With the Supreme Court endorsement of his reputation, Ukrainian mining and metals magnate Gennady Bogolyubov — whose takeover of ConsMin inspired envy and backbiting in the Australian market — is now positioned to expand in Asia and Africa to open the rising value of manganese to Asian shareholders, as well as the Australians. “We welcome the court’s decision,” said Bogolyubov after the March 18 decision was released. “It is a win for all shareholders who should not be subject to the excessive contractual terms of investment banks.”

Late last year, ahead of the trial, JP Morgan’s Sydney Managing Director John Gidney was asked to clarify why his bank believes it is proper to claim duplicate or triplicate fees for the same set of services rendered; and to explain how he justifies fees for services that appear to have ended in failure, and for Bogolyubov’s success which was guided by a rival bank, at a significantly lower charge. Gidney declined to respond, adding: “I don’t think there is any purpose in having this discussion.” Asked for comment on the judge’s ruling, JP Morgan’s Sydney spokesman Andrew Donohoe told Asia Times: “We believe there are strong grounds for appeal and we are currently assessing our response in that regard.”

The contest for Consmin began in October 2006, when Pallinghurst, a London-based holding of South African mining magnate Brian Gilbertson , offered to take over ConsMin for a price equivalent to $2.08 per share. The following April, Central African Mining & Exploration Co (CAMEC) made a confidential bid. This was followed by other bids from Territory Resources Ltd at $3.37, and Tinfos (owned by Eramet, Europe’s largest manganese miner) at $3.75. It was nine months into the contest before Bogolyubov’s Palmary Enterprises launched its takeover offer. By the time the contest was over in December 2007, Palmary’s $5 per share bid was roughly two-and-a-half times Pallinghurst’s opening offer.

It was Bogolyubov’s resistance to being charged by JP Morgan two sets of fees for value gained that wasn’t earned, which has now been supported by Judge Hammerschlag. He examined JP Morgan’s Base Defence Response Fee and its Incentive Fee, dismissing the duplication and JP Morgan’s claim that without two types of charges, it wouldn’t have the incentive to do its best for its client. According to the judge, JP Morgan had no right to earn an incentive fee unless the bank generated additional value to the company’s shareholders: “there will be no such achievement where there is no completed transaction.” The judge also dismissed the bank’s attempt to collect from Bogolyubov’s ConsMin the increase in share price which started when Pallinghurst started bidding, and long before Bogolyubov moved into the contest.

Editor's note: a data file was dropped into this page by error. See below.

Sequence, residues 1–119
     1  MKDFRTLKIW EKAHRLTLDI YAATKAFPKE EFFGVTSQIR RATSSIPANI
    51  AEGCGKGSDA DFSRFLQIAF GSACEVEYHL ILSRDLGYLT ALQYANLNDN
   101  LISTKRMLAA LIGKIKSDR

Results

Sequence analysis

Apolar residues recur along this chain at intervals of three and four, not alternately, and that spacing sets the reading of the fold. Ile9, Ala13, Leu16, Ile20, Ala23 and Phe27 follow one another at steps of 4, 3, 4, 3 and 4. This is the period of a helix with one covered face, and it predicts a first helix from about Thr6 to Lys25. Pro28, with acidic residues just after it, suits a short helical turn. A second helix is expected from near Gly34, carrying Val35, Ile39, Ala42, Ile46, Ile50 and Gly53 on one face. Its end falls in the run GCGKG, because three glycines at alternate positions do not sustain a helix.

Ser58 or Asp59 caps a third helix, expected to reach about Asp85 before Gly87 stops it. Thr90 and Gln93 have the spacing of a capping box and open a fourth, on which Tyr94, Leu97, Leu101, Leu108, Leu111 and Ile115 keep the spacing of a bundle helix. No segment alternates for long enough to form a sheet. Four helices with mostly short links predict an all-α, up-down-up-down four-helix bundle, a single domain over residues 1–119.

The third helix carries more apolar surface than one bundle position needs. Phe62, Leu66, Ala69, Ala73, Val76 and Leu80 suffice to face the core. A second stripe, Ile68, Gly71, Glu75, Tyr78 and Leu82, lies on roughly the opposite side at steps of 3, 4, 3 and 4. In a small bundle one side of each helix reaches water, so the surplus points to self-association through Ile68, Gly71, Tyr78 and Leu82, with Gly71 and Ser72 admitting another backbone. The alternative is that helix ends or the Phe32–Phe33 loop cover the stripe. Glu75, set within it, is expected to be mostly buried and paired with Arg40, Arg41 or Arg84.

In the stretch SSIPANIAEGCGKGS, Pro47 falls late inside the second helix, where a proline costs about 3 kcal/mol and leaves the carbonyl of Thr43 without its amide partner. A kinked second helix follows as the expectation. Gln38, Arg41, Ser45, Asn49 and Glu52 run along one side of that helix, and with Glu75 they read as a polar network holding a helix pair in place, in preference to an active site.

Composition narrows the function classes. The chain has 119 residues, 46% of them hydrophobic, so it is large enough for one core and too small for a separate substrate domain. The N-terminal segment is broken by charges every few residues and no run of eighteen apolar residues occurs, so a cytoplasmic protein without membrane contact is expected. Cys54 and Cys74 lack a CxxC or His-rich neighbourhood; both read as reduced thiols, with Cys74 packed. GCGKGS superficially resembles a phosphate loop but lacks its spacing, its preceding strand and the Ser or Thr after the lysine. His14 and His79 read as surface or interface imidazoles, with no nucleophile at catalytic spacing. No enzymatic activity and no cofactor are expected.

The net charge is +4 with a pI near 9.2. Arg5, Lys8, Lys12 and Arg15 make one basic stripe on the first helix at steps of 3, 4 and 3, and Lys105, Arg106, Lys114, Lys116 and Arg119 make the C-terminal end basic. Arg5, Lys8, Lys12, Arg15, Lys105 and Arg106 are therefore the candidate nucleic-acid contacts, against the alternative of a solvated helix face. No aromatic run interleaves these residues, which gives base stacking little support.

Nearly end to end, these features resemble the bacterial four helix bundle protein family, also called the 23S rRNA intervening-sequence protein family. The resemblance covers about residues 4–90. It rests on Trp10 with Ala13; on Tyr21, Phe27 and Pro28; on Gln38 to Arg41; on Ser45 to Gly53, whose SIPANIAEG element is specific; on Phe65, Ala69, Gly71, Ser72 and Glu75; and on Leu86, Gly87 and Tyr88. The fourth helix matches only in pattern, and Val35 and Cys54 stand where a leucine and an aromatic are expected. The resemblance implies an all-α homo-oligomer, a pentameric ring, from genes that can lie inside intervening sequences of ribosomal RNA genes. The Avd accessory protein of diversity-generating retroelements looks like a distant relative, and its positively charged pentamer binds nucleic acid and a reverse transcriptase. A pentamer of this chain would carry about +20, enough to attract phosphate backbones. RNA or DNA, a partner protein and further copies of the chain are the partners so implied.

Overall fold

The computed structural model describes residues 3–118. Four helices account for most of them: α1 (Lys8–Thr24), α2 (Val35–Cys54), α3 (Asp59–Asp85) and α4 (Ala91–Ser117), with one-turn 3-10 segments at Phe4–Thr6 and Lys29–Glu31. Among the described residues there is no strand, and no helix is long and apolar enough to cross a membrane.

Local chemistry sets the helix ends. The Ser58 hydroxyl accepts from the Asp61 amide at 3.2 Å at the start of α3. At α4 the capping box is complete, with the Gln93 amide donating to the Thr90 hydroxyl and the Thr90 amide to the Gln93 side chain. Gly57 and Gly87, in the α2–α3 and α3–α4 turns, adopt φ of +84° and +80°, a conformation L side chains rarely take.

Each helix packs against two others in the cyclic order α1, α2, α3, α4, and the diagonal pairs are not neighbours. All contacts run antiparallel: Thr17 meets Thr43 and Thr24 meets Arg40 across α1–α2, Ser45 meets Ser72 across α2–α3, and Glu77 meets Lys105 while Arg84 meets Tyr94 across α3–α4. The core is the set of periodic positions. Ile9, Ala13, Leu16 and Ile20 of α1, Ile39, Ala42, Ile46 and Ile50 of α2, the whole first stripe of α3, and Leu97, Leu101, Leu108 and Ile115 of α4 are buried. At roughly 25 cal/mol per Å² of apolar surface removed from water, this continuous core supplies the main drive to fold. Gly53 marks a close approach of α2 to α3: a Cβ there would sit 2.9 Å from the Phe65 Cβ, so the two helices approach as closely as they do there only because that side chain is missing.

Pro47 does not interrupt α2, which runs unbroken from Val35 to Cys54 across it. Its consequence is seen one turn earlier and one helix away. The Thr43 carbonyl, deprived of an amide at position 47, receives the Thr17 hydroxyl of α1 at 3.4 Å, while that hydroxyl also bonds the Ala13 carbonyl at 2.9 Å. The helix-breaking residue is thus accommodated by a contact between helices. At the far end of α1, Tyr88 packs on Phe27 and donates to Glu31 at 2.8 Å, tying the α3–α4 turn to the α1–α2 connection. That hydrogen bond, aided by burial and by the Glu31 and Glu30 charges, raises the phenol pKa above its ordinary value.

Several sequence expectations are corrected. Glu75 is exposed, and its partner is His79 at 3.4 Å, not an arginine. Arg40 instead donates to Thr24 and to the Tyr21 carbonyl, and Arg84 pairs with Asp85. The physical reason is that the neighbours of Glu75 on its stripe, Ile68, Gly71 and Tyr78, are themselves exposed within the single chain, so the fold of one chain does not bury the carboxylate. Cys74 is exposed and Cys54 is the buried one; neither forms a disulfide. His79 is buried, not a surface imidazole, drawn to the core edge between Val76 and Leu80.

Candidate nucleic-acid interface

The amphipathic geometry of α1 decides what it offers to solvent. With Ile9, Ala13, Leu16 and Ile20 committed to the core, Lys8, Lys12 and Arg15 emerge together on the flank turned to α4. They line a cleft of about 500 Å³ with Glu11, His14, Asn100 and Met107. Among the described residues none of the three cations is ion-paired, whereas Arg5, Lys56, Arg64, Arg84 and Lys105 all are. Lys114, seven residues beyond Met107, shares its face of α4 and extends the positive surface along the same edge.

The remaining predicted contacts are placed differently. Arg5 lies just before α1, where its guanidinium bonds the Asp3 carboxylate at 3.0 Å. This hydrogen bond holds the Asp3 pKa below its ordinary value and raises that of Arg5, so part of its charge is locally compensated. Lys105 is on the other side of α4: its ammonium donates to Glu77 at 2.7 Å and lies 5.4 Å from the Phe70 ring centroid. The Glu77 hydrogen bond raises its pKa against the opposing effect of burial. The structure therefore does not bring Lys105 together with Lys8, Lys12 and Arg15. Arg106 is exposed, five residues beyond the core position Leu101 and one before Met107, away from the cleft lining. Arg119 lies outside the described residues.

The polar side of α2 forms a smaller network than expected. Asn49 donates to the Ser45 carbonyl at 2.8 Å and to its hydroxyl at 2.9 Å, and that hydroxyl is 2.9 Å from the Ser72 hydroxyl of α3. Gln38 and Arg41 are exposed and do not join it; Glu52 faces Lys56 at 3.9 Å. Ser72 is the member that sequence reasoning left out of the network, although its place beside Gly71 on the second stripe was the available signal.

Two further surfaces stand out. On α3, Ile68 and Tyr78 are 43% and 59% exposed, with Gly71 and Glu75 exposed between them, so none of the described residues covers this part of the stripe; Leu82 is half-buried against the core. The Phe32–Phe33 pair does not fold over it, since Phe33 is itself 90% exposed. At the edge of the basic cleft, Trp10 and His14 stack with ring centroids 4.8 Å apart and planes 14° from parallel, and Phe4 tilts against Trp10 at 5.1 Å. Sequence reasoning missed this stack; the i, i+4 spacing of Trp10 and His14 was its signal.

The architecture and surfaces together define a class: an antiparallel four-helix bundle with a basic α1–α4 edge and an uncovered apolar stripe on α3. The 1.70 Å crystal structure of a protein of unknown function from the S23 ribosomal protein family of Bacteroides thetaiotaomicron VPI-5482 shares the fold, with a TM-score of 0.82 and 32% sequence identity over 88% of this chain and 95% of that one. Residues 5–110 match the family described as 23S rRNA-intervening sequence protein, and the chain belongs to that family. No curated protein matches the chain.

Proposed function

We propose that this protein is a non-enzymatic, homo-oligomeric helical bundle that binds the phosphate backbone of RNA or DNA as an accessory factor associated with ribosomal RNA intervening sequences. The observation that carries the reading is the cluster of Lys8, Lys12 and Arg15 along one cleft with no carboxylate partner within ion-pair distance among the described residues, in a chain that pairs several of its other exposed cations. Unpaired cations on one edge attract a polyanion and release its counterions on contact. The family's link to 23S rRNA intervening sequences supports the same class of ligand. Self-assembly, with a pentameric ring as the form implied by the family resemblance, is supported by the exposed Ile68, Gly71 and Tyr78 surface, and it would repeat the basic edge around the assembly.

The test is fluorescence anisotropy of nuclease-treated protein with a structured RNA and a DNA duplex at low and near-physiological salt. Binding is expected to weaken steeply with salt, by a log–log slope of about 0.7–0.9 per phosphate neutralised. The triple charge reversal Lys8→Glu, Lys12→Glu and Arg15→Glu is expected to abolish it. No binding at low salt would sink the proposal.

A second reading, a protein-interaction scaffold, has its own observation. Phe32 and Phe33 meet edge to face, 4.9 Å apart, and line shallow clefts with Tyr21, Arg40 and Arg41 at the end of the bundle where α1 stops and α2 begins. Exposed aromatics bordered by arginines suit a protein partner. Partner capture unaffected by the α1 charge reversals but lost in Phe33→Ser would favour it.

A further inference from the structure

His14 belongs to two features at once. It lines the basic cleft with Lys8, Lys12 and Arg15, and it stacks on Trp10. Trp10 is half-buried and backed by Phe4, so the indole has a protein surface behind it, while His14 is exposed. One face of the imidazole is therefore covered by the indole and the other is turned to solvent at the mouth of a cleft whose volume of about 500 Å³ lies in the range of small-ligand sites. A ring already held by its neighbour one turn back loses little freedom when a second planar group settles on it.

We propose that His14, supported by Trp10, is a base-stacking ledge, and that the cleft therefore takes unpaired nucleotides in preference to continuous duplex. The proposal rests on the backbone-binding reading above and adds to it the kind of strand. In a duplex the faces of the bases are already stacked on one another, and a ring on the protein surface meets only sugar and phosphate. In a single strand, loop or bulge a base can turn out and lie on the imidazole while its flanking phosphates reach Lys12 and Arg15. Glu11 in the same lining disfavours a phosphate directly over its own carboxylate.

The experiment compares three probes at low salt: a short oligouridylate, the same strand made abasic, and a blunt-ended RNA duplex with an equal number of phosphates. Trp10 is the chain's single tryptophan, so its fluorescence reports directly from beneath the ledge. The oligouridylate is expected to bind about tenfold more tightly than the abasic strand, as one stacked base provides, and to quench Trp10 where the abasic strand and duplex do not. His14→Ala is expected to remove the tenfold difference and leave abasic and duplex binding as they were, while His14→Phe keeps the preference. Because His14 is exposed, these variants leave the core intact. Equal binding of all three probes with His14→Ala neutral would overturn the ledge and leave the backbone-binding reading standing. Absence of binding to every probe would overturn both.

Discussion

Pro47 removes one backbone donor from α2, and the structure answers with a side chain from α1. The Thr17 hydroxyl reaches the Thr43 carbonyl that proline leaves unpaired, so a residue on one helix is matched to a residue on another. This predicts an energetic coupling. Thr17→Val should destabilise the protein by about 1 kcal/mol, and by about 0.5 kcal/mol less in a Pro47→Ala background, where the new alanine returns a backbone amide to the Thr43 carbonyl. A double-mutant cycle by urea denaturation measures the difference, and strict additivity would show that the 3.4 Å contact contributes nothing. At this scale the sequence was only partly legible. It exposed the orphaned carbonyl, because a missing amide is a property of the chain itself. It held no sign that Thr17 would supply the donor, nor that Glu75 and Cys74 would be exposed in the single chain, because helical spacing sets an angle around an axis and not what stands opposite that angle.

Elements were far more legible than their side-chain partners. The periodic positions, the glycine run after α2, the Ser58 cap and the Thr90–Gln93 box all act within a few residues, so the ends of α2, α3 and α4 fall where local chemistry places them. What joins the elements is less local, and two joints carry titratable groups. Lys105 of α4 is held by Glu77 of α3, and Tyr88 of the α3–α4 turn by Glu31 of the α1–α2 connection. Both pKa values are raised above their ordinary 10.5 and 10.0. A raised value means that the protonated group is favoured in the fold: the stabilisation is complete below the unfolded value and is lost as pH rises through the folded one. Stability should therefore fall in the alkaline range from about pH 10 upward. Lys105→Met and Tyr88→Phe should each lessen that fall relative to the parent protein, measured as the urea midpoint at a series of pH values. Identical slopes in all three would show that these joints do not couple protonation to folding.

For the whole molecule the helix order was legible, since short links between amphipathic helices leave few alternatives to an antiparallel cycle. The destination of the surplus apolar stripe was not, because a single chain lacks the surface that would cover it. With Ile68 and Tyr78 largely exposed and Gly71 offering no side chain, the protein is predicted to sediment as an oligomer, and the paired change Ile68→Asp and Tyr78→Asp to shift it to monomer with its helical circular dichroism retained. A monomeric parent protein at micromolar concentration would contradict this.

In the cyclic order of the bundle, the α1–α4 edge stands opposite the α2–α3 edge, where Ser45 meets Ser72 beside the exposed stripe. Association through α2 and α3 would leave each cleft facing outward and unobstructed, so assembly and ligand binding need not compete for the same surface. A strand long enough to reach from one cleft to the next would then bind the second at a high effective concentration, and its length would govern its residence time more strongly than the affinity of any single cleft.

“It is far from inevitable,” Hammerschlag says, “that the plaintiff [JP Morgan] will receive less when it is entitled only to a Base Defence Response Fee for advice in relation to a single offer that proceeds to completion than it would receive if it were entitled as well to an Incentive fee where there has been an initial Offer price and an increase in it.”

Bogolyubov’s ConsMin is the largest manganese miner in Australia, and one of just two independent manganese miners in Asia. The second, OM Holdings (OMH), is listed on the Australian Stock Exchange; mines in northern Australia; runs a refinery in China; and is registered in a Caribbean haven. A year ago, OMH’s controlling shareholders, Low Ngee Tong and his wife Heng Siow Kee, defied Australian stock market transparency and disclosure rules when challenged by Bogolyubov, who currently owns a 12% stake in OMH. The Australian market was initially supportive of the Australian chief executive of OMH, Peter Toth. Legal proceedings initiated last June by Bogolyubov to obtain more corporate disclosure from Toth and Low were settled out of court.

Since then, there has been market speculation that Low and Bogolyubov have been discussing closer cooperation. “It is natural to look at these two companies, ConsMin and OMH, together,” a South African metals specialist said. They are the two largest independent producers of manganese to supply the steel market. If they can agree to combine in some form, they have the chance to compete against the dominant price-setters in the global manganese market – BHP Billiton, Xstrata, and Eramet.”